Councilors on Wednesday unanimously approved the amendments, both of which had been recommended by the Planning Board. Public hearings were held for each one, although no one spoke.
The amendment on housing options expands zoning limits for multi-family dwellings in the town’s Town and Village Center districts in the Oak Hill and Dunstan Landing neighborhoods.
Zoning changes in the TVC districts allow for more mixed housing and single units in the same building with two- and three-bedroom dwellings. Previously, up to 12 units were allowed in a building, but the amendment has removed the limit. The change doesn’t alter the size limit of 10,000 square feet.
Councilors said the amendment will respond to a need in town.
“There is a real need in this town for affordable housing,” Councilor Jean Marie Caterina said. “One-bedrooms are needed by families just starting out and families looking to downsize.”
Examples of new housing choices include the Eastern Village neighborhood off Inspiration Drive, and the approval this summer of 50 Avesta Housing affordable housing units, most of which will be one-bedroom residences, at the historic Southgate House property at 577 U.S. Route 1.
Town Planner Dan Bacon said the amendment won’t create too much of a change in the number of people who can live in the multi-unit buildings, but Councilor Shawn Babine had a concern about parking. He noted there will probably be one car per one-bedroom unit, which would require more parking spaces overall. A family in a three-bedroom may not have one car for every person, however.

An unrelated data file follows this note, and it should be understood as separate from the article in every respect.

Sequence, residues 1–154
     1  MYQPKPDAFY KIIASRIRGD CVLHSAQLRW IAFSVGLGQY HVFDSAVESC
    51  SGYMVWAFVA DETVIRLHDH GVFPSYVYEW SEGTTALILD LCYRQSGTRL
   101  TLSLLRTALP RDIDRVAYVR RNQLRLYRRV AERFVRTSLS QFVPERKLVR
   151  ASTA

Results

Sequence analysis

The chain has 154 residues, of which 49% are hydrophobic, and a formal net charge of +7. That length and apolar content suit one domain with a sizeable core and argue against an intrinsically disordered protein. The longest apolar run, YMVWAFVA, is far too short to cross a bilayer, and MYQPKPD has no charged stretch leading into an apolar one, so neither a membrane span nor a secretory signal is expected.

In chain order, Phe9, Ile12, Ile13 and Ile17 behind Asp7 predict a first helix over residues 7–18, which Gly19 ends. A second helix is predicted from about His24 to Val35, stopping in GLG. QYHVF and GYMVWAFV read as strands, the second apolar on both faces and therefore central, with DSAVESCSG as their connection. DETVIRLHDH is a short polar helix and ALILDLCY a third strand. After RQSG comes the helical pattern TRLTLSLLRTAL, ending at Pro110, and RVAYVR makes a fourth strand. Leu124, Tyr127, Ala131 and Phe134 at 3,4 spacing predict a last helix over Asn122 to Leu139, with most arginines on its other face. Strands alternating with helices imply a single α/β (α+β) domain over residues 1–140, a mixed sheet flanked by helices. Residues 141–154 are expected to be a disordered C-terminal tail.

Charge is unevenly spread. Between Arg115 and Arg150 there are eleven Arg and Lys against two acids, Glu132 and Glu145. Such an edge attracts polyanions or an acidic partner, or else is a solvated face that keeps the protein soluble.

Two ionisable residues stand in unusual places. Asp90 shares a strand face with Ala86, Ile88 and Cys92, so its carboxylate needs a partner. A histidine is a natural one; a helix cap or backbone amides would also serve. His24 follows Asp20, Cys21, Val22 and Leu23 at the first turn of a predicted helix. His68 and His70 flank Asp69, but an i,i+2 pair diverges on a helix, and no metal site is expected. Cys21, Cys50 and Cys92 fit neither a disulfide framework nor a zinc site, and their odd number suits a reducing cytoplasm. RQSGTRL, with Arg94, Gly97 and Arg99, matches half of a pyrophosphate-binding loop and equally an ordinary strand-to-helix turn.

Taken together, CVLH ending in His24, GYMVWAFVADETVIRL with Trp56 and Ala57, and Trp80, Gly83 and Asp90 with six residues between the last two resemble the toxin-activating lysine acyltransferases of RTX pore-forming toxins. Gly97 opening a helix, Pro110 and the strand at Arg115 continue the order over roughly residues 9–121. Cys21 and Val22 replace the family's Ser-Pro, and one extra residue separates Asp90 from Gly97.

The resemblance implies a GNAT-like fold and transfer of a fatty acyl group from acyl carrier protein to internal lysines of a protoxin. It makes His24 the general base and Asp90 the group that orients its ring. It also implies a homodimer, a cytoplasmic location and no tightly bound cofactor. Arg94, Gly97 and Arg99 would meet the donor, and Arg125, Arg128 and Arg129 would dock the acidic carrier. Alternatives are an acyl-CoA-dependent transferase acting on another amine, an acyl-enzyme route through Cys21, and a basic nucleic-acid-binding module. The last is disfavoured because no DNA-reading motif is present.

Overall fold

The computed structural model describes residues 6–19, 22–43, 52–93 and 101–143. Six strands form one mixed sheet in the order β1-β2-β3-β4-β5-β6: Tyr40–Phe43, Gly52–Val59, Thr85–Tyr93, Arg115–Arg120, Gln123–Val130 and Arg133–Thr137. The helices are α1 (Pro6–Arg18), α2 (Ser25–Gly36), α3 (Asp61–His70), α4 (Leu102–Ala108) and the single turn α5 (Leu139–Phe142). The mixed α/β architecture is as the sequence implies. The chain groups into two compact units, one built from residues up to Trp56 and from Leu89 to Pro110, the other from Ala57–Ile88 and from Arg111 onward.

“I hope that the Planning Department looks closely at traffic planning,” Babine said. “That’s the only concern I have with this type of change.”
Bacon said there would be enough parking spots for residents, but guests may park along the street, which is problematic given the narrowness of streets in developments. He said he would work on the issue.
There were no other concerns, and councilors said they had received no negative feedback from residents about the change.
The amendment to the renewable energy zoning ordinance, which gives residents the option of pulling power from free-standing solar arrays, is an addition to a 2009 ordinance that allows wind power in shared “common open space.”
The amendment would allow solar arrays to be installed in shared common space or open green space, such as parks or courtyards.
The request for the zoning change was made by Habitat for Humanity of Greater Portland, which is working with ReVision Energy, Bacon said, to install a freestanding solar array to power a 13-home subdivision on a 5.5-acre parcel off Broadturn Road. The project was approved by the council in 2014 and is under construction.
“We felt (the zoning amendment) was a good idea for this project, and for the whole town,” Bacon said.
Future projects that propose using solar arrays must go before the Planning Board for site approval. The board will need to make sure the size of the array is proportional to the size of the neighborhood, that the array only serves the intended neighborhood, and that it wouldn’t compromise other features in an open space, such as wetland protection.
Councilors said bringing more solar energy to town is a smart idea.
“I think it encourages alternative energy and I fully support it,” Councilor Will Rowan said.